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Heart Rhythm. 2005 Aug;2(8):837-41.

Reliability of electromagnetic filters of cardiac pacemakers tested by cellular telephone ringing.

Author information

1
Department of Cardiology, Centre Hospitalier Universitaire de Marseille, Marseille, France. alexandre.trigano@mail.ap-hm.fr

Abstract

BACKGROUND:

State-of-the art cardiac pacemakers are protected against radiofrequency signals. Although there have been earlier clinical and in vitro reports of cellular phone interference with implantable devices, only a few studies have been performed in recent years. The ringing phase of digital GSM or PCS cellular phones includes a brief period of peak radiated power.

OBJECTIVES:

This study tested the protection offered by electromagnetic filters of cardiac pacemakers against cellular phone ringing.

METHODS:

We performed 330 consecutive tests in 158 patients at the time of routine examination in our pacemaker follow-up clinic. The programmed parameters remained unchanged before testing. During electrocardiographic monitoring, 2 single-band digital cellular phones consecutively placed over the pacemaker pocket each received a call. The phone systems tested were 1) GSM at a maximal power output of 2 W, operating on a 900 MHz carrier frequency, and 2) PCS at a maximal output of 1 W, operating on a 1800 MHz carrier frequency.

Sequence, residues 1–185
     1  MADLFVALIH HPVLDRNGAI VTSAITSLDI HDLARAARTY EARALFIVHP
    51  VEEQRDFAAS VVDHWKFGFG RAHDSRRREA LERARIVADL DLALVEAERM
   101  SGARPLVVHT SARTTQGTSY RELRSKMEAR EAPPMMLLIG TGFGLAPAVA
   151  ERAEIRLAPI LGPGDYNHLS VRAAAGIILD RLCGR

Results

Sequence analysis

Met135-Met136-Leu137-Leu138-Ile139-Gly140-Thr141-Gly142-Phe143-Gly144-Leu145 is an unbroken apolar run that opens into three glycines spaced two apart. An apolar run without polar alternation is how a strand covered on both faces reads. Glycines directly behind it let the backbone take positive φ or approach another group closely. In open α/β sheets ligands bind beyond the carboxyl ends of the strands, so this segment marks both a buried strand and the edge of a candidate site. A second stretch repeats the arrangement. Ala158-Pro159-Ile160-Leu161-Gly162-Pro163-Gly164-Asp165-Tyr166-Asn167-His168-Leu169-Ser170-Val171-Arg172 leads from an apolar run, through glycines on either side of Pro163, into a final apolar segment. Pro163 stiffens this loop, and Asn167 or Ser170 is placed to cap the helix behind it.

RESULTS:

Interference was noted in only 5 tests, due to interaction by the GSM system with 4 unprotected pacemaker models. The GSM test was negative in 12 other tests of identical pulse generator models. The overall incidence of interference was 1.5% of tests.

CONCLUSIONS:

Interference by cellular phone ringing occurred only with unprotected pacemaker models. Standard programming of these unprotected models was associated with a low incidence of interference.

Comment in

PMID:
16051120
DOI:
10.1016/j.hrthm.2005.03.011
[Indexed for MEDLINE]

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